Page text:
SWBTS ends archaeology program, addresses Dead Sea Scrolls authenticity

Citing financial constraints associated with COVID-19 and an “institutional reset,” Southwestern Baptist Theological Seminary (SWBTS) announced April 6 it was discontinuing its archaeology program.

SWBTS’s current “institutional reset” is a result of the institutional plan President Adam Greenway, who became president in February 2019, laid out during the seminary’s spring 2019 board of trustees meeting.

The plan is to “recalibrate and to reposition our seminary in every way to strengthen the core of what we do,” according to a SWBTS press release from the spring 2019 meeting.

SWBTS is the only evangelical institution in the world to award a doctoral degree in archaeology. When the program ceases in May, five faculty members will be terminated and more than 25 graduate students will face academic uncertainty, according to Christianity Today.

The seminary also addressed the authenticity of the Dead Sea Scrolls fragments in its collection in an announcement made the same day.

In 2010, under the leadership of former president Paige Patterson, SWBTS purchased what were believed at the time to be fragments of the Dead Sea Scrolls, ancient Jewish writings containing Scripture that were discovered over a 10-year period beginning between 1946 and 1947.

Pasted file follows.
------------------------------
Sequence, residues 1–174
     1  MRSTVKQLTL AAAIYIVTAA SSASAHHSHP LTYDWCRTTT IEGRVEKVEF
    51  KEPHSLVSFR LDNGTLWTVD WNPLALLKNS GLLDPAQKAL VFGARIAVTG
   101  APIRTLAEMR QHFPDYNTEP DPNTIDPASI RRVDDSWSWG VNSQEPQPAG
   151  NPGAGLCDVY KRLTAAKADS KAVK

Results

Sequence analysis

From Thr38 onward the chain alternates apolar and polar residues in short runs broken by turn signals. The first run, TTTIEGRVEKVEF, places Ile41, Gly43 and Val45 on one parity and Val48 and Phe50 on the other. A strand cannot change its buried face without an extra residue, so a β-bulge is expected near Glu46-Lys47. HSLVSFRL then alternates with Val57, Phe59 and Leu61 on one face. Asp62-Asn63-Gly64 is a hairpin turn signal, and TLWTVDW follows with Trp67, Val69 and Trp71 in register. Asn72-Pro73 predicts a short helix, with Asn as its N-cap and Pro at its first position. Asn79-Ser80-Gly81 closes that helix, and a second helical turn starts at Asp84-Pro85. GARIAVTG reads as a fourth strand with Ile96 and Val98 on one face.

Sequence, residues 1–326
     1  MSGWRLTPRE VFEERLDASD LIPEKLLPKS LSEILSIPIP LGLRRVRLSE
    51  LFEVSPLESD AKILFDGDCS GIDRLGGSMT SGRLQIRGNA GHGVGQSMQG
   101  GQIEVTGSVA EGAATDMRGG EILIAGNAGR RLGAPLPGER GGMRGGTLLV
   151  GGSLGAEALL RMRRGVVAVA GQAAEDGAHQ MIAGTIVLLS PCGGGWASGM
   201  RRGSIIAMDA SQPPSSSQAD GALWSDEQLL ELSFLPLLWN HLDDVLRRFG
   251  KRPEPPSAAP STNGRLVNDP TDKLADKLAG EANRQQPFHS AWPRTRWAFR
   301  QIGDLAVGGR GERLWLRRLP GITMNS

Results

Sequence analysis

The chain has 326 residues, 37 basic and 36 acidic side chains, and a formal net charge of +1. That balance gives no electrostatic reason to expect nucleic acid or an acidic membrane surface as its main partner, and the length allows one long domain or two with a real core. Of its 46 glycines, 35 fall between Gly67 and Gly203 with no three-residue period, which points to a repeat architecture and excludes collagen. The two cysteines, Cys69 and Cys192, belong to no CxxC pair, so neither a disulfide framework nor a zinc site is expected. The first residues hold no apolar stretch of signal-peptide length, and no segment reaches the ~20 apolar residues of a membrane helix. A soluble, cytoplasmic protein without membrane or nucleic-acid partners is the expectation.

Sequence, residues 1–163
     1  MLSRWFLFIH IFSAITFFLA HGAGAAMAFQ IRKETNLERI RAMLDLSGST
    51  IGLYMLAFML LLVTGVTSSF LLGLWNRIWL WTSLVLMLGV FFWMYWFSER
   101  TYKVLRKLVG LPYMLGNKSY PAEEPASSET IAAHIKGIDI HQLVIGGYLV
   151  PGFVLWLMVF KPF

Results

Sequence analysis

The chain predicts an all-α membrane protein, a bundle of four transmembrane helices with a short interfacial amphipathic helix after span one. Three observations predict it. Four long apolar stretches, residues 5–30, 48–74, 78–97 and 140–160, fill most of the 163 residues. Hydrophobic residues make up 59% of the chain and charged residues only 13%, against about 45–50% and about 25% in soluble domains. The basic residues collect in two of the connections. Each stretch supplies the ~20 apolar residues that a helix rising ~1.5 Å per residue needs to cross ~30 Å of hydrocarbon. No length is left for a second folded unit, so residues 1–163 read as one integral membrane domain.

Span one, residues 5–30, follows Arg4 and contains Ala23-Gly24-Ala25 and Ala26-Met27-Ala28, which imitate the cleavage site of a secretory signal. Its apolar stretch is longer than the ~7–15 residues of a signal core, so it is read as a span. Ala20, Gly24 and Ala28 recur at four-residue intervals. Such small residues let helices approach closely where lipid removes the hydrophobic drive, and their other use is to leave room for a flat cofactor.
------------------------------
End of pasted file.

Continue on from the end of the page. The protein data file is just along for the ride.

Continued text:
The current administration at SWBTS stated it has little confidence in the authenticity of the alleged Dead Sea Scroll fragments currently in the institution’s possession.

“Given that significant institutional resources were expended on the acquisition and promotion of the likely fraudulent fragments, it is not prudent for the seminary to spend further precious funds on them,” the seminary said.

SWBTS left open the possibility of pursuing legal action “to seek restitution of payments made by the seminary, as authorized by the prior administration.”

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